The Personal Side of Knitting

The Personal Side of Knitting


Today I wanted to post a bit about my personal life and how knitting has fit into it.  I’m currently at the age where my body is changing from motherhood to crone-hood– in other words, I’m going through menopause.  A stereotypical view of menopause (or perimenopause as it’s more correctly called) is that it’s a time where women get hot flashes, have irregular periods, and suffer from empty nest syndrome.  Although these things are true (except the empty nest– many of us started our families later and I still have three teens at home), there are some symptoms that we fail to hear about in the popular media that are much more challenging than hot flashes.  Things like depression.  Memory loss.  Brain fog.  For a Type A person like me, who prides herself on getting things done and lots of them, these things are much more daunting than having to throw the covers off several times a night.

For the last year or two, I’ve solved this problem by taking a lot of estrogen to replace what my body isn’t making.  I kept asking my doctor to up the dose until I felt like myself again.  At the same time, I started using more checklists, more reminders, more alarms, more routines, and more notes to myself to remind myself of what I might forget later.  Now, as I approach the age where I have to balance my risk of heart attack or stroke with my day to day health, I’m weaning off the estrogen again.  And I’m having “flat” days, days where I don’t feel particularly… well, I don’t feel much of anything.  I have trouble making a plan for the day sometimes.  I have trouble following through to the next step.

This is where knitting comes in.  I have several bags or baskets of knitting around the house.  A sock by my bed.  A stockinette sweater by the front door.  A garter blanket by the couch.  I’ve made myself detailed step by step lists of how to make several kinds of sock on my sock machine.  So even when I’m feeling flat and unable to face even sorting and folding laundry, I can pick up a knitting project and make a few rows or rounds.  These projects grow, even when I’m feeling stagnant.  The softness of the yarn and the feel of the needles soothes me and awakens my spirit at least a tiny bit.  It helps me keep a wee chink of light open against the gray.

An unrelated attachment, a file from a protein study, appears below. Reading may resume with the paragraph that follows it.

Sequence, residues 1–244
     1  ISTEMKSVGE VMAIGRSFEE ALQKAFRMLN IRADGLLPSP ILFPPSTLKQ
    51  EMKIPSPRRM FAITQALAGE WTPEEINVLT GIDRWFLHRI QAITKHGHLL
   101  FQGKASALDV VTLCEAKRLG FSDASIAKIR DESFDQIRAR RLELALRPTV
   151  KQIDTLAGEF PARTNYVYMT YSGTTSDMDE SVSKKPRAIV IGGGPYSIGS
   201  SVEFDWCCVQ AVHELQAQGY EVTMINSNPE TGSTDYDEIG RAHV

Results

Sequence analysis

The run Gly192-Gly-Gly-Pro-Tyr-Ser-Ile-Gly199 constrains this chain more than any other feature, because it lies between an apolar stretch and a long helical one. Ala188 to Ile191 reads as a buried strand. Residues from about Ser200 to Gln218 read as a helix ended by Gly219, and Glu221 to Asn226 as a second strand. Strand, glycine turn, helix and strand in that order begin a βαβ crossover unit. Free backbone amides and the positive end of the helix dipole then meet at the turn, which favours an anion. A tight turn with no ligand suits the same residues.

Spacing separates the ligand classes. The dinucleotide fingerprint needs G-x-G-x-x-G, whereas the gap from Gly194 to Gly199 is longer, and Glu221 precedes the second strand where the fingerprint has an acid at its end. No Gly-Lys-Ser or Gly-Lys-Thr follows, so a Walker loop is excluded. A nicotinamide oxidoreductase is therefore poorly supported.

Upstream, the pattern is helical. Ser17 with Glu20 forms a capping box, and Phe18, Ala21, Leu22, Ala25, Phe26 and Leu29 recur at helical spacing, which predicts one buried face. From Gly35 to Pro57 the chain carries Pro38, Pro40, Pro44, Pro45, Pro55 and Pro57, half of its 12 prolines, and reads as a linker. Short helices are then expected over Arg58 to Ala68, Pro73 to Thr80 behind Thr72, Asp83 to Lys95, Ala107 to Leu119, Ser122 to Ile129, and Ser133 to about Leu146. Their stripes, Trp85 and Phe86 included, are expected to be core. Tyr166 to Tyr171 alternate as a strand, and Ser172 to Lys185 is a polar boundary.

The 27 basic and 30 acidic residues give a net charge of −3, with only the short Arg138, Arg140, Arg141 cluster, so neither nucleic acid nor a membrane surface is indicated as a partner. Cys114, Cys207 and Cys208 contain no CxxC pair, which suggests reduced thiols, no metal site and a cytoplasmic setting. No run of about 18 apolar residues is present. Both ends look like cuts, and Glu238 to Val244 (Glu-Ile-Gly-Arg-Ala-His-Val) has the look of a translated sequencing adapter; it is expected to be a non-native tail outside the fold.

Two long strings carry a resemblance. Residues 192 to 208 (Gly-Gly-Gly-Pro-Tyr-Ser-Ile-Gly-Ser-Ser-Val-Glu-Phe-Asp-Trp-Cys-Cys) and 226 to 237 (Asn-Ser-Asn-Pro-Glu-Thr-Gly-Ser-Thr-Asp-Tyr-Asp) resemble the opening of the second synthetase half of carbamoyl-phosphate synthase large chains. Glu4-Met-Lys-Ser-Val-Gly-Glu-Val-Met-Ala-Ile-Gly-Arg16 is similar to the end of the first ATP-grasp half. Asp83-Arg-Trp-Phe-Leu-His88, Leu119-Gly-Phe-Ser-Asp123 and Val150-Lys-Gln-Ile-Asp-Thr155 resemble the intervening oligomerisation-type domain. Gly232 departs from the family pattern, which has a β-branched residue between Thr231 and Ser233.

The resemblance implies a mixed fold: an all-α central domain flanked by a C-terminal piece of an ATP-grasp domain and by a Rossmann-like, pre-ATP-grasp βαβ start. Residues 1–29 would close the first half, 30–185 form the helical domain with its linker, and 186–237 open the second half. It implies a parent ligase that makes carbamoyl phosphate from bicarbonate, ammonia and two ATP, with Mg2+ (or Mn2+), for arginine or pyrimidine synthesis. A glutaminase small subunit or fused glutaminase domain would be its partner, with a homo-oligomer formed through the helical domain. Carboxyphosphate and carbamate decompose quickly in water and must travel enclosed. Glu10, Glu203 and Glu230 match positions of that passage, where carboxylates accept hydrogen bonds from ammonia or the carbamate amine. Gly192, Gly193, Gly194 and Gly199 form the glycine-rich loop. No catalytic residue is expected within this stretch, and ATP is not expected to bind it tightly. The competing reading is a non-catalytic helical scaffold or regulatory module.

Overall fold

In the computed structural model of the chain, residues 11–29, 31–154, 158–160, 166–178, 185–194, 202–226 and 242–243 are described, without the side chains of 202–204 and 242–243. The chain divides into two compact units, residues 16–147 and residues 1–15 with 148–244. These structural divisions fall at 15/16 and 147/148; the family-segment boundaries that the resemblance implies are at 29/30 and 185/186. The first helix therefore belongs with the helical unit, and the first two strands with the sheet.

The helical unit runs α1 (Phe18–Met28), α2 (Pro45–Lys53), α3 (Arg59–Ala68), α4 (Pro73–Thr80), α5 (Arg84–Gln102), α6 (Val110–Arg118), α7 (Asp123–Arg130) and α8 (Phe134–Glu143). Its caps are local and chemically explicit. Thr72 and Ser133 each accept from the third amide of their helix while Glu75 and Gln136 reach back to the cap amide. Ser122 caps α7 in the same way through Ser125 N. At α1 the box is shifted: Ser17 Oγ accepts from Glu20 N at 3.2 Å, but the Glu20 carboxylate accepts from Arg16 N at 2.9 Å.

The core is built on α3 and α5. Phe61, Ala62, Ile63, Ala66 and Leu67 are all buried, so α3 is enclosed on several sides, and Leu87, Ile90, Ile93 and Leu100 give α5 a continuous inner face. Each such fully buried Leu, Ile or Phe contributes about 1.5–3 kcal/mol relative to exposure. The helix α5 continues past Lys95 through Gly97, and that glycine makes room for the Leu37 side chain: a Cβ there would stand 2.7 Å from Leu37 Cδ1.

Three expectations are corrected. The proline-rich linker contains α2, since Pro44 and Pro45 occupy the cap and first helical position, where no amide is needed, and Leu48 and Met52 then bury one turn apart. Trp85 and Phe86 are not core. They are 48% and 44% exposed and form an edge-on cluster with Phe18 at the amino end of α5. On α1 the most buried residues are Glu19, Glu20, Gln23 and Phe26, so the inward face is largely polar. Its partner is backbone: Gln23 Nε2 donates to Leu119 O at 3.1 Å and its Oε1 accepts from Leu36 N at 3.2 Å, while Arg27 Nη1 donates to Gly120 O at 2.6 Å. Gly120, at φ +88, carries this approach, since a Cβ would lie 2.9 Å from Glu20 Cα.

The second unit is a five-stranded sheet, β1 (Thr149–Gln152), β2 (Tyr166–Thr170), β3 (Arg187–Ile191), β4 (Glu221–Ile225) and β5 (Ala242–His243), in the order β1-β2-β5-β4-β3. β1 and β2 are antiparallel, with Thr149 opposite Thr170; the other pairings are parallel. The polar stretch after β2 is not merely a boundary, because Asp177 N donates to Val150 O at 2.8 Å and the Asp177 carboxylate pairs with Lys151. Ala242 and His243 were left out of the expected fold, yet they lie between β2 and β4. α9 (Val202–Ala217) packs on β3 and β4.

Knitting has also kept me connected to other women of all ages.  It was my knitting group who encouraged me to go to the doctor to get that added estrogen in the first place.  My knitting group has sympathized and empathized and reassured me that this is not me alone.  Their constancy, their wisdom, and their kindness have helped to keep me afloat as I’ve navigated this challenging time in my life.

I wanted to write about this because the mood and memory effects of menopause aren’t commonly talked about, and I think many of us struggle alone.  As I’ve been working through this process, I’ve realized that as uncomfortable as it is, I need to talk about it.  Getting through will be worth more if I can know that I helped someone know they aren’t the only one.  My knitting helped me discover that.

 

Teaching Tips: Building in Practice

Teaching Tips: Building in Practice

Some of my Teaching Packs build in practice before students begin the actual project.  For instance, in the Learn to Knit Lace pack, the teacher notes instruct the teacher to have students cast on a swatch and practice the yarn over and the different types of decreases in a swatch before they cast on the actual headband pattern.

Why build in practice on a swatch first?  Well, in this case, making left-leaning and double decreases requires some stitch manipulation that will be new to many students.  By starting with a swatch, students only have to worry about one thing– making the stitch properly.  They don’t have to worry about following the chart or written directions.  They don’t have to worry about getting the right tension.  They only have to worry about manipulating the stitches correctly.